When someone utters the words “let’s go on a safari,” your first thoughts may be tent camps, pith hats, and bush living on the African plains. But whatever images you dream up in your mind’s eye, “safari” means adventure.
While a Safari, by definition, doesn’t have to be in Africa, Africa is by far the most common Safari adventure destination. While many people still think of Safaris in terms of the now rather old-fashioned sense of game hunting the Big 5, most Safaris now are sight-seeing adventures instead.
A reputable Safari company will provide a tour with itineraries including big game viewing from off-roading, bush walks, and even water tour options when possible. You will have experienced guides and rangers leading your tour. A Safari truly is a once-in-a-lifetime adventure.
How Much Does an African Safari Cost?
With all the planning, coordinating, and adventure of a Safari, costs can add up. Using a tour company can help, by providing one price that is often nearly all-inclusive. By knowing this number, and paying installments significantly far in advance, you can plan and budget more effectively.
Keep in mind, however, that with most tours, you may still need to pay for flights, one or two nights of accommodations (usually upon arrival and departure, before and after the Safari), and, possibly a few meals along the way. In addition to the trip itself, you also have to consider vaccinations you may need, a passport, trip and medical insurance, and visas. You should also account for incidentals during the trip, such as tipping your guides, hotel staff, and in restaurants, souvenirs to take home, and, if you feel so inclined, charity.
Tipping in Africa, is for many people, the main source of income. While typically not large sums of money, these will add up and you should be sure to budget for them when planning your dream Safari adventure. Tips in Africa are typically paid in U.S. dollars, but local currency can be used, depending on the country. Make sure you bring small bills, as change for larger bills is usually hard to come by. The following is a short list of people you should remember to tip:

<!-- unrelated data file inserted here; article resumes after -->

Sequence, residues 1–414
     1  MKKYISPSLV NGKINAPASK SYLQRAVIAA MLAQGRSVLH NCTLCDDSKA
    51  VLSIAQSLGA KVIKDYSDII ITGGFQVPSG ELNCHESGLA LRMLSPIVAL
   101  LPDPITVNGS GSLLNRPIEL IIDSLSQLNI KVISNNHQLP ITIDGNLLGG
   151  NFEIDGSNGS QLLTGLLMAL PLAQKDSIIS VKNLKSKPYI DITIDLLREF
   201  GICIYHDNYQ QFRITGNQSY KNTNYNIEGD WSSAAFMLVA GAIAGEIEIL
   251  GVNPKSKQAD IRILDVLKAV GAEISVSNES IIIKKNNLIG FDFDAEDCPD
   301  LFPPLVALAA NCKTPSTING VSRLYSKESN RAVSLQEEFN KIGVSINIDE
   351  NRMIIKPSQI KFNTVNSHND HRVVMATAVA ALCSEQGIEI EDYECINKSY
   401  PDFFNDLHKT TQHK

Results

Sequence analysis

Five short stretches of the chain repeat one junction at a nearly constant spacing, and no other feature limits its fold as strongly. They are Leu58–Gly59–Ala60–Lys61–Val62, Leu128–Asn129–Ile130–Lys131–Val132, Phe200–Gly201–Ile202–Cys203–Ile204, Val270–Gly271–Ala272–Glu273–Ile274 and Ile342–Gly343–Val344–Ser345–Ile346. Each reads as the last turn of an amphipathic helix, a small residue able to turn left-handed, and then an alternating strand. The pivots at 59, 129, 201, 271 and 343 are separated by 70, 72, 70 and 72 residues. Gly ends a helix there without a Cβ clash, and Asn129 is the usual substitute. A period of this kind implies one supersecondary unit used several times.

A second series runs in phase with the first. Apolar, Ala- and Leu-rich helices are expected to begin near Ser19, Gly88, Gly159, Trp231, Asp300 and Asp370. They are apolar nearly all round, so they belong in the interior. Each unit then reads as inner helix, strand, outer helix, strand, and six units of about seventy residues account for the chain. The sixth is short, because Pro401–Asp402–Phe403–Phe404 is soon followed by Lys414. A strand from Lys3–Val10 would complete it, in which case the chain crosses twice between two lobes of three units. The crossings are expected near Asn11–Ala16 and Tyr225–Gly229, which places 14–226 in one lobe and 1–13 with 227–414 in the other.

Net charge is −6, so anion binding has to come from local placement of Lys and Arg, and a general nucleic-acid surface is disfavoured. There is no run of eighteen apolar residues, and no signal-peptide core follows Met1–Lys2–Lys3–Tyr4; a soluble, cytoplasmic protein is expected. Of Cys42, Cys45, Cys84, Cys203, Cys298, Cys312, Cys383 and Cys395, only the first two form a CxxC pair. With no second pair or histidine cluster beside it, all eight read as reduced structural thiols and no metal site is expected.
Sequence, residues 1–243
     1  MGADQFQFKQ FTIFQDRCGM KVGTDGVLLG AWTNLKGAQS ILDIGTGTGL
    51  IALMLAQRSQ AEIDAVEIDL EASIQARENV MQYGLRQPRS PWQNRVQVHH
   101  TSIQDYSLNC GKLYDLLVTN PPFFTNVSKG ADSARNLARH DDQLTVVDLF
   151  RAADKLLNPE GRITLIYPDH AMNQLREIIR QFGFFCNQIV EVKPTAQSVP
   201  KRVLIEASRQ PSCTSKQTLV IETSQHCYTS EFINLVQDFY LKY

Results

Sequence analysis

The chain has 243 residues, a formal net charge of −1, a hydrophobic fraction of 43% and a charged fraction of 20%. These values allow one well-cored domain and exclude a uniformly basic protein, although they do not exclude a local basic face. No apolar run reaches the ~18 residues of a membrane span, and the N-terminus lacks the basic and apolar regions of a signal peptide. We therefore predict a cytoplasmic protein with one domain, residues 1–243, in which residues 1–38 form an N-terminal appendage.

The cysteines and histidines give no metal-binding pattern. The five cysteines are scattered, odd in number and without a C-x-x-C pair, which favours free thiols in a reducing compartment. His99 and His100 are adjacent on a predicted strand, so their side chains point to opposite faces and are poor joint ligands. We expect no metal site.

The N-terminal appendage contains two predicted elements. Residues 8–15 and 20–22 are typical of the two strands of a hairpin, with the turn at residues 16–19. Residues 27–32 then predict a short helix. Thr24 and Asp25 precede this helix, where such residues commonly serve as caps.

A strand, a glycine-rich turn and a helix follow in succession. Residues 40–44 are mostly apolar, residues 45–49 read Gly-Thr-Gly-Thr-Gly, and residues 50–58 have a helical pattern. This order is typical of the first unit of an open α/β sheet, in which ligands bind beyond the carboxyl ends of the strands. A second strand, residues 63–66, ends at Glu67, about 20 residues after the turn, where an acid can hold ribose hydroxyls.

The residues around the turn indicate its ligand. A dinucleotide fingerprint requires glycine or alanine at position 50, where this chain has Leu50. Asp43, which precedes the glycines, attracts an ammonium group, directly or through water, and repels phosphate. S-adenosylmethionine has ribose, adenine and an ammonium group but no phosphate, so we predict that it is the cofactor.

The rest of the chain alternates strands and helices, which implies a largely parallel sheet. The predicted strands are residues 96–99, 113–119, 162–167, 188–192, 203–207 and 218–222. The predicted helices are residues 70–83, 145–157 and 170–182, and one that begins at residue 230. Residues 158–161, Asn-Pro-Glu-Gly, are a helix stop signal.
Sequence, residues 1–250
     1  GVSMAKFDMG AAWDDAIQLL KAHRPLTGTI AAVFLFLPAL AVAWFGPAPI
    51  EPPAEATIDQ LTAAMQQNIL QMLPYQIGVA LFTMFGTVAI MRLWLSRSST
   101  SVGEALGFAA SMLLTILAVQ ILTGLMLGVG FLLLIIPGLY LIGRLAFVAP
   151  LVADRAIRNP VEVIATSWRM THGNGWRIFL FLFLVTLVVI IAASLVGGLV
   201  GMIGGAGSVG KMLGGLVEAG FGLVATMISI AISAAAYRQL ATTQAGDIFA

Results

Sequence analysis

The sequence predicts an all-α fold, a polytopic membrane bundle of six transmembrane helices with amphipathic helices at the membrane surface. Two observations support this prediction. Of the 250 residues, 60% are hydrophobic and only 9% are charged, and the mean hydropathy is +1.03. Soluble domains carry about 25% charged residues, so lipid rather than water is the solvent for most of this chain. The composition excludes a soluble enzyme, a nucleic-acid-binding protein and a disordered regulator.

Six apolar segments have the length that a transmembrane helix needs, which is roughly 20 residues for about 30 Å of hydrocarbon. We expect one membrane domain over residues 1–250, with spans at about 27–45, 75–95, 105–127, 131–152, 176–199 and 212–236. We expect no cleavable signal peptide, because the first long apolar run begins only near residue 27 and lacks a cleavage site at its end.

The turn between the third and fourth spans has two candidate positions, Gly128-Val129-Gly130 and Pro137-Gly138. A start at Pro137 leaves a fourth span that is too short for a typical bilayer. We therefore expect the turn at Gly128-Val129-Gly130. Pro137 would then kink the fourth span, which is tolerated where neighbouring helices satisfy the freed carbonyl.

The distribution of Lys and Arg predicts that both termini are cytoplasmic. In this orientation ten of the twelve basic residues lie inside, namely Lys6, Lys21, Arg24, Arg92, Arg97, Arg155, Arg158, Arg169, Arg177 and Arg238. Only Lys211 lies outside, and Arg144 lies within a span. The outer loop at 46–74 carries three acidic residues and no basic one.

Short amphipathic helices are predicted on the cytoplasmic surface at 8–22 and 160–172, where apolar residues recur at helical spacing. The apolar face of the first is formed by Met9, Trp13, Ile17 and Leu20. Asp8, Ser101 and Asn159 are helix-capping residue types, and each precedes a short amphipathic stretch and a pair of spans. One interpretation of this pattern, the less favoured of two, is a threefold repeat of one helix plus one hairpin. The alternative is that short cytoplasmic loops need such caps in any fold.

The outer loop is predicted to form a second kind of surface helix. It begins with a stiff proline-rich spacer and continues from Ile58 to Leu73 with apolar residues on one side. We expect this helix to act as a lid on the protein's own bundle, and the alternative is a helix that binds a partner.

- Restaurant staff-around 10-15 percent of the bill (but just as in the U.S. and other places, for large groups this may be added to the bill)
- Hotel staff- $1 to $2 a day
- Tour guides-$10 a day
- Taxi drivers-10 percent of the fare, or $1 to $2
How to Manage the Cost of a Safari
While costs can add up, there are things you can do to minimize them. Using a Safari company, as mentioned above is a great way to help keep your budget in check–having a realistic idea of the total cost will take you a long way to budgeting for your Safari adventure. You can also plan to travel during the tourism off season. Going in the off season for tourists, April to September, is not just a great idea to keep costs down, it is also ideal for viewing the big game animals. This is the dry season in Africa, so the animals congregate at known watering holes and rivers.
If an amazing African Safari is in your dreams, and you want to make sure it is within your budget, make sure you keep in mind the following:
- Use a Safari company, such as Roho Ya Chui, to plan your adventure and allow you to prepay for much of the trip.
- Travel during the off-season (April to September) to keep airfare and other costs down.
- Travel insurance is required for trips to Africa, including Safaris. This will cover cancelled tours, illness, lost baggage etc.
- Airfare to and from the Safari departure point is usually not included in the tour.
- Visas and Passports are a must for most travel; these can take both time and money.
- Don’t forget to plan for non-included meals and snacks, and of course—souvenirs to remember your amazing Safari adventure.
An African Safari is an amazing, once-in-a-lifetime adventure. So grab your pith helmet and camera, with planning and the use of a great tour operator, you can be touring the African plains in no time.
Jill Liphart for Roho Ya Chui, Travel Africa